Virginians are slow to get boosted
Virginians aren't rushing to get the new Omicron variant boosters — a trend that's worrying public health experts as the winter months approach.
What's happening: So far, 437,000 people in Virginia have gotten the new booster, which is about 7.5% of the eligible population, per Virginia Department of Health statistics.
- By comparison, 73% of the state's population got vaccinated during the initial push.
Why it matters: The vaccine, which is the first one to be tailor-made for a strain of the virus actually in circulation, Omicron BA.5, is producing a strong immune response, Axios' Zachery Eanes reports.
- The boosters, from Pfizer and Moderna, were authorized in August. Earlier this month, they were also approved for children as young as five.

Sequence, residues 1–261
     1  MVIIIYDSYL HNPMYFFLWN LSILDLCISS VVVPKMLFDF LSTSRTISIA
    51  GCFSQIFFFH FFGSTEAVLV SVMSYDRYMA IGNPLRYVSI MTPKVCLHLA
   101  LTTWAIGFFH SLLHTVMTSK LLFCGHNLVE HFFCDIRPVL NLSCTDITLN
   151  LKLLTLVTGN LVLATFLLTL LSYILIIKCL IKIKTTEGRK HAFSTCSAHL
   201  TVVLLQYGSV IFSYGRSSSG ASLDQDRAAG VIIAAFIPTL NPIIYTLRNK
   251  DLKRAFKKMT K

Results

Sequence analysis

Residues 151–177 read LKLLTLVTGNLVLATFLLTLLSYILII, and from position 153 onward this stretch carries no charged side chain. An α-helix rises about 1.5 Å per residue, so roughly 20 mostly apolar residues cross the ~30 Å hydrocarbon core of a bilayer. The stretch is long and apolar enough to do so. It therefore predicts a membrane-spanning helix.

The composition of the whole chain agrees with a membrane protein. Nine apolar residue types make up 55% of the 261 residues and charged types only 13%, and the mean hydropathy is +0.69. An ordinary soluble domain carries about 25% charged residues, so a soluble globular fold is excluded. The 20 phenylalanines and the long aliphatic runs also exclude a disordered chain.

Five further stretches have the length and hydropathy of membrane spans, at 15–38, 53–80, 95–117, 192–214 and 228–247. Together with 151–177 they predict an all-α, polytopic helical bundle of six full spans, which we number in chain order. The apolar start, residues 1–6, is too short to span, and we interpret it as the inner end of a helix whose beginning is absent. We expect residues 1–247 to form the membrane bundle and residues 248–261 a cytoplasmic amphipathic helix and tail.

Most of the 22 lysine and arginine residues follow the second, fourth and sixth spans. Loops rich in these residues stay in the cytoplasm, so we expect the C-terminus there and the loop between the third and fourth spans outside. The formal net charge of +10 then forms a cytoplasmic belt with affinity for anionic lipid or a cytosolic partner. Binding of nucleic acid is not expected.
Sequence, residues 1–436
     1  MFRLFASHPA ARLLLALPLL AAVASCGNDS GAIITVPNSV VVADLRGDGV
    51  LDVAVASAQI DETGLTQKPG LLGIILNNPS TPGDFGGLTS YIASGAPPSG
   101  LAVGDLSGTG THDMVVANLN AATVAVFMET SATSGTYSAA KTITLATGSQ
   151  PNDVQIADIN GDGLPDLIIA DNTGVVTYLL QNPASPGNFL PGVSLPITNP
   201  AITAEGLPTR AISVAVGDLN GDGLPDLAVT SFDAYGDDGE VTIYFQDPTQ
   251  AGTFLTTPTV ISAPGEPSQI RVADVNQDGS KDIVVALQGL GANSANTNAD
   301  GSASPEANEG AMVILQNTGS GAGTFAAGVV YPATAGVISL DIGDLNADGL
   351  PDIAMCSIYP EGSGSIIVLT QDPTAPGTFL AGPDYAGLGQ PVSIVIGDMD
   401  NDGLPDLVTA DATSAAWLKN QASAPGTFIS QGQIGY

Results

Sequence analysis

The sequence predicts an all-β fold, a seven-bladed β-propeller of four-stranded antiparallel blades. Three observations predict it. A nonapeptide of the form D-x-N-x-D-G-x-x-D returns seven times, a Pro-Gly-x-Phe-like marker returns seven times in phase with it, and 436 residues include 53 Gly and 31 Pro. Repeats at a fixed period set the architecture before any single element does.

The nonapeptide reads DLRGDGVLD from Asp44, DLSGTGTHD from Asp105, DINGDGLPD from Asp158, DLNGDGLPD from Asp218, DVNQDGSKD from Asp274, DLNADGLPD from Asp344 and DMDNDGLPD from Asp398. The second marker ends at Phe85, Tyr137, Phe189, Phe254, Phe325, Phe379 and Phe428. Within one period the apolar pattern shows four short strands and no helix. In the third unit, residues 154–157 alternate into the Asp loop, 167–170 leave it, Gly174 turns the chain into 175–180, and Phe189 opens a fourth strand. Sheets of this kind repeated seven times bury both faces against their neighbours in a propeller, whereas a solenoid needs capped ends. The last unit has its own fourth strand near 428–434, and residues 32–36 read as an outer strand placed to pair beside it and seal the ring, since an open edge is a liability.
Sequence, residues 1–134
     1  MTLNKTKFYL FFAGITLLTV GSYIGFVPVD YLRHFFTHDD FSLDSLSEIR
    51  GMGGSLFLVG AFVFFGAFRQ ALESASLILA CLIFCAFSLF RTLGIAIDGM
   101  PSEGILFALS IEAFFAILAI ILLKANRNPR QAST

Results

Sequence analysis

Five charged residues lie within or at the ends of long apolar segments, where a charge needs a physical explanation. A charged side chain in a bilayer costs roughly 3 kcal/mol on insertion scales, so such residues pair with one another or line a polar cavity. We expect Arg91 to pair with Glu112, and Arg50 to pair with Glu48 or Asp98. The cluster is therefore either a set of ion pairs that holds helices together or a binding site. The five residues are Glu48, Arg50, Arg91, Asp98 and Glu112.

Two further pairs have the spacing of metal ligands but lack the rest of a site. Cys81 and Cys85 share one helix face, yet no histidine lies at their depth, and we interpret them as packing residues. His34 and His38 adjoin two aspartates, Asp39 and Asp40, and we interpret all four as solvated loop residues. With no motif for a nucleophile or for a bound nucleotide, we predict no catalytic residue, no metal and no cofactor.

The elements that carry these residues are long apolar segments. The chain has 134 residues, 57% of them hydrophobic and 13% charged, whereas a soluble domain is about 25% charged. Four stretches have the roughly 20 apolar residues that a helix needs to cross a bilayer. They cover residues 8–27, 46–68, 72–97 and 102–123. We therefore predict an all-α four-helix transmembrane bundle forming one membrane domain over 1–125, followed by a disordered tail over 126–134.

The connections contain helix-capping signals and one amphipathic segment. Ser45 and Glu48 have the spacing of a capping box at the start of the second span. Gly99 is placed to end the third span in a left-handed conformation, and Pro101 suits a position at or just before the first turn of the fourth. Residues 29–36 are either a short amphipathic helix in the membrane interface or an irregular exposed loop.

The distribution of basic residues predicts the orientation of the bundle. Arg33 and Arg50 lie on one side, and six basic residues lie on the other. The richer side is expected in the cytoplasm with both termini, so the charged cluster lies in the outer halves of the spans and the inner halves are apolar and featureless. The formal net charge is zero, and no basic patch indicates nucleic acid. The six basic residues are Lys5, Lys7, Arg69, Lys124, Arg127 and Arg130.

The low turnout might be because people don't even know about it. Half of adults had heard little to nothing about the new boosters at the end of last month, a Kaiser Family Foundation report found.
What they're saying: David Wohl, an infectious disease specialist at UNC Health, said he believes low interest in the boosters is a failure by governments and public health officials. Americans should be seeing messages about the effectiveness of boosters everywhere, he said.
- "For some reason that I don't understand," he said, "they are mired in an amber of delay and inability to get messages out that are clear and consistent and exciting to people. And that really is a failing since the beginning of the pandemic."
What's next: Cases will most certainly increase this upcoming winter, Wohl said. Boosters help prevent negative outcomes from the disease. Getting the booster "is about: Do you want to miss five days of work? Do you want to get long COVID?" Wohl said.
Zoom out: More than 63,000 Americans have died from COVID-19 since July 1, according to Centers for Disease Control and Prevention data.
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